Are you confused about gluten?
Maybe you know someone doing a gluten free diet to lose weight. Should you go gluten free to get healthier? Gluten has become more of a focus with the popularity of gluten free, paleo, primal, and keto diets these days.
Let’s discuss the basics.
Gluten is a protein found in the grains:
This includes any varieties, hybrids, or derivatives of these grains such as:
- Spelt: a wheat variety
- Triticale: a hybrid of wheat and rye
- Malt: made from barley
- Brewer’s yeast: a by-product of beer brewing
- And more.
Gluten free is not a fad diet.
A gluten free diet is absolutely necessary for everyone with celiac disease or gluten ataxia. Even a little bit of gluten triggers the autoimmune response and causes damage.
Think of it this way- If you have an anaphylactic peanut allergy, you cannot eat any foods that have peanuts in them or have been in contact with peanuts.
It’s the same idea when your naturally gluten free cheese is put on the same serving dish with wheat crackers. That cheese is now cross contaminated with wheat (gluten).
Even though the immune system response is different (allergy vs autoimmune), the principle is the same. When cross contamination occurs, a dangerous reaction is triggered (even if other people can’t see it).
Ongoing damage from gluten exposure can lead to serious short- and long-term health problems for people with these autoimmune diseases.
Eliminating or greatly limiting gluten is also beneficial to anyone that has non-celiac gluten sensitivity, gluten intolerance, or certain autoimmune diseases and other inflammatory health problems.
If you have a wheat allergy, then you only need to eliminate wheat, not other sources of gluten.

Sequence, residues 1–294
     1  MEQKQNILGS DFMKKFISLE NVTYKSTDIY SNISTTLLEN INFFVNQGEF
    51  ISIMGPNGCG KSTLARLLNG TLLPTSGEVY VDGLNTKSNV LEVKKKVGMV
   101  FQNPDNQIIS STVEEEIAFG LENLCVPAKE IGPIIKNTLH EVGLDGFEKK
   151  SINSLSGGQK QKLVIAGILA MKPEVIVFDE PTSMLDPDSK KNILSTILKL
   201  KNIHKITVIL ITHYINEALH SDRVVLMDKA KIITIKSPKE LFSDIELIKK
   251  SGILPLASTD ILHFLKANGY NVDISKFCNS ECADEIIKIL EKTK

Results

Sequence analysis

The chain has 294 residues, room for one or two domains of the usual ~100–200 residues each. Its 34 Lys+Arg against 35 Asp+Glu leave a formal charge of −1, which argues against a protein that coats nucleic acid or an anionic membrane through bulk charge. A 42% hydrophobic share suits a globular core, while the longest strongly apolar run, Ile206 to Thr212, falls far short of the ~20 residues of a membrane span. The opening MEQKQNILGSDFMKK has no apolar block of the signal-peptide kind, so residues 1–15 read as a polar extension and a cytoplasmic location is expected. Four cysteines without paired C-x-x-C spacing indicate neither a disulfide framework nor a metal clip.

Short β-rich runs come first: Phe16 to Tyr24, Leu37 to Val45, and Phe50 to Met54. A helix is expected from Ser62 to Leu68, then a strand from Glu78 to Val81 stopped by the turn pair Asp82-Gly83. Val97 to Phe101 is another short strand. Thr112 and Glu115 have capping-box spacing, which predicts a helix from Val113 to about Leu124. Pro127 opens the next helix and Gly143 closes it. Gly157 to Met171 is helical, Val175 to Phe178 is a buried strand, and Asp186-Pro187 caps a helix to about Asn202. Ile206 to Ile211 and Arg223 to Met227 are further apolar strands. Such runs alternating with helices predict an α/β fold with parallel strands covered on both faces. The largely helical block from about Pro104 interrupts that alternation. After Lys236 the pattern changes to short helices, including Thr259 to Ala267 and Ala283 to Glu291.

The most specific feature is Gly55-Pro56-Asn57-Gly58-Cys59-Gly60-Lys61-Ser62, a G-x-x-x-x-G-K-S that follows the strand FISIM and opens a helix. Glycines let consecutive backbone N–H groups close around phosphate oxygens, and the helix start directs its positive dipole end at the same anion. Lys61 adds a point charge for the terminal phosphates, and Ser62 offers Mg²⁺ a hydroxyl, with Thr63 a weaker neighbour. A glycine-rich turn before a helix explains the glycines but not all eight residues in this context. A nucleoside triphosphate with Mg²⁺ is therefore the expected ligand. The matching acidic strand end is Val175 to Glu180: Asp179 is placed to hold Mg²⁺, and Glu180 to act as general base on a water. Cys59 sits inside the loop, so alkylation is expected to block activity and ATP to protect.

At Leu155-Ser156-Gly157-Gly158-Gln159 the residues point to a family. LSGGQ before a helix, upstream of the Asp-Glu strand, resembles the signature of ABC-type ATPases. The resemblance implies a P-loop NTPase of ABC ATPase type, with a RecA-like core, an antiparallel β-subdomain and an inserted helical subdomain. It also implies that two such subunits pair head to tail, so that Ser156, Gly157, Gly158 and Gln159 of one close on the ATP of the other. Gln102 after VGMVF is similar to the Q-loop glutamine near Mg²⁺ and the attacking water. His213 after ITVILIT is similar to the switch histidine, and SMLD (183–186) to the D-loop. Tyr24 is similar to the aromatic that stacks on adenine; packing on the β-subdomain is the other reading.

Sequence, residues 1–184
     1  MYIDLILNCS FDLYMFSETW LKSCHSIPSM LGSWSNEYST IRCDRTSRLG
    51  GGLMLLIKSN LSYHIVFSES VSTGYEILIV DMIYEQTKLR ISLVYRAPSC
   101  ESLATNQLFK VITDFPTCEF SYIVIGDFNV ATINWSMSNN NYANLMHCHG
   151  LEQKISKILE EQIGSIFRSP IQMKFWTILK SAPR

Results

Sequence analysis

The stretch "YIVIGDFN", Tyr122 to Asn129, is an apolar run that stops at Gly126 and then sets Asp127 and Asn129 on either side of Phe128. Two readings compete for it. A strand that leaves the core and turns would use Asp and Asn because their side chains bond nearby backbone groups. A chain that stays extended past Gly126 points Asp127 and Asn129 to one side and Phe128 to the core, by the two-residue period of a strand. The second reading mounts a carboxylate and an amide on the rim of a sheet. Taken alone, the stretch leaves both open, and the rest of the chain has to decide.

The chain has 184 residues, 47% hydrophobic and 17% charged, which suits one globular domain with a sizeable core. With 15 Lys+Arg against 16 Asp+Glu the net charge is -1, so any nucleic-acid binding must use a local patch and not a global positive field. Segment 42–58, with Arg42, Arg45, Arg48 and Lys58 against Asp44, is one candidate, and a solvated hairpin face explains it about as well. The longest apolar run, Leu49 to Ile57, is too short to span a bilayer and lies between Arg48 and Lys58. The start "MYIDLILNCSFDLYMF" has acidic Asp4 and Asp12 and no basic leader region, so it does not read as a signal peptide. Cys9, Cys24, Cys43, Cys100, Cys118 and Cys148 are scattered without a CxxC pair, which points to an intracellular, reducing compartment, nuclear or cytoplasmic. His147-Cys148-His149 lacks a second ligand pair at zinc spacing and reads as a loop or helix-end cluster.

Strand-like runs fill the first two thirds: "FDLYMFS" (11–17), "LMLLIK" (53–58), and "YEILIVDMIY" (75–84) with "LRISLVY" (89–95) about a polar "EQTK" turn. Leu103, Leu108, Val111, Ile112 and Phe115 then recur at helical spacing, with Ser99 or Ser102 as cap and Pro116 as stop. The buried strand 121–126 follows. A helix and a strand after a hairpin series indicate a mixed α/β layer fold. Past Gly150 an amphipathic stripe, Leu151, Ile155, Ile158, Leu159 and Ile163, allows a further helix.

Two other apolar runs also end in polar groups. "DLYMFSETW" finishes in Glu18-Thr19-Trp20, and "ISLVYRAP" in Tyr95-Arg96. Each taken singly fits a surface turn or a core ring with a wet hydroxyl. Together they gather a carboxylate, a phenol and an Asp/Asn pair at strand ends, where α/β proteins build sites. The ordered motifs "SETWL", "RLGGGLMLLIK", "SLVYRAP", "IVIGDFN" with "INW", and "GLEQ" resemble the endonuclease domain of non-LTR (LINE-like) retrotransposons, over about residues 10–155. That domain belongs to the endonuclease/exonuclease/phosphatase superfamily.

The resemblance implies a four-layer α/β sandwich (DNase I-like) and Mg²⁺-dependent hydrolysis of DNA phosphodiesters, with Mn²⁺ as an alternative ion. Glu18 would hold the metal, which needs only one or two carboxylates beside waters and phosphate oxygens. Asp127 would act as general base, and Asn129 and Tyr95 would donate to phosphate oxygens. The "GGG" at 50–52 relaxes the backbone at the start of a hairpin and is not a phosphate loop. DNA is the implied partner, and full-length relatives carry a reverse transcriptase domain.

Is gluten free healthier?
Wheat and other gluten-containing grains may be a healthy part of a varied diet for most people.
Going gluten free, if you don’t need to, is not necessarily a healthier choice. There are now countless highly processed gluten free junk foods available. It is wonderful to have the GF food market growing for those of us that need it. However, everyone needs to be mindful about how much of their diet is made up of processed foods.
There is no evidence that going gluten free can help the average person lose weight. Eating more veggies and fruits and fewer refined grains (such as wheat) may help.
Common Sources of Gluten
Many foods are made with gluten-containing grains.
Gluten is often found in bread, pasta, crackers, snack foods, breakfast cereals, baked goods, sauces and gravies, malted beverages (such as malted milkshakes), and beer.
There are also sneaky sources of possible gluten exposure. These are foods that you wouldn’t expect to contain gluten but sometimes do.
For example, French fries are a big one. Many brands coat their factory-cut fries in wheat flour to prevent sticking when packaged. Always, always read your food labels!
It is also important to confirm that the restaurant where you order your fries has a dedicated gluten free fryer. Shared fryers are not safe for people with celiac disease. Cooking gluten free foods in the same oil (or water) as foods made with wheat or other gluten-containing grains results in cross contamination.
Layered Living provides health coaching, educational classes, and seminars about celiac disease, related conditions, and living a delicious gluten free life.
Anderson, J. (2020, October 19). 5 Different Types of Gluten Allergy: Just what is a “gluten allergy” anyway? Retrieved April 13, 2021, from https://www.verywellhealth.com/five-different-types-of-gluten-allergy-562305
Disclaimer: I am not a doctor. This blog post is general information only and is not to be substituted for medical advice, diagnosis, or treatment.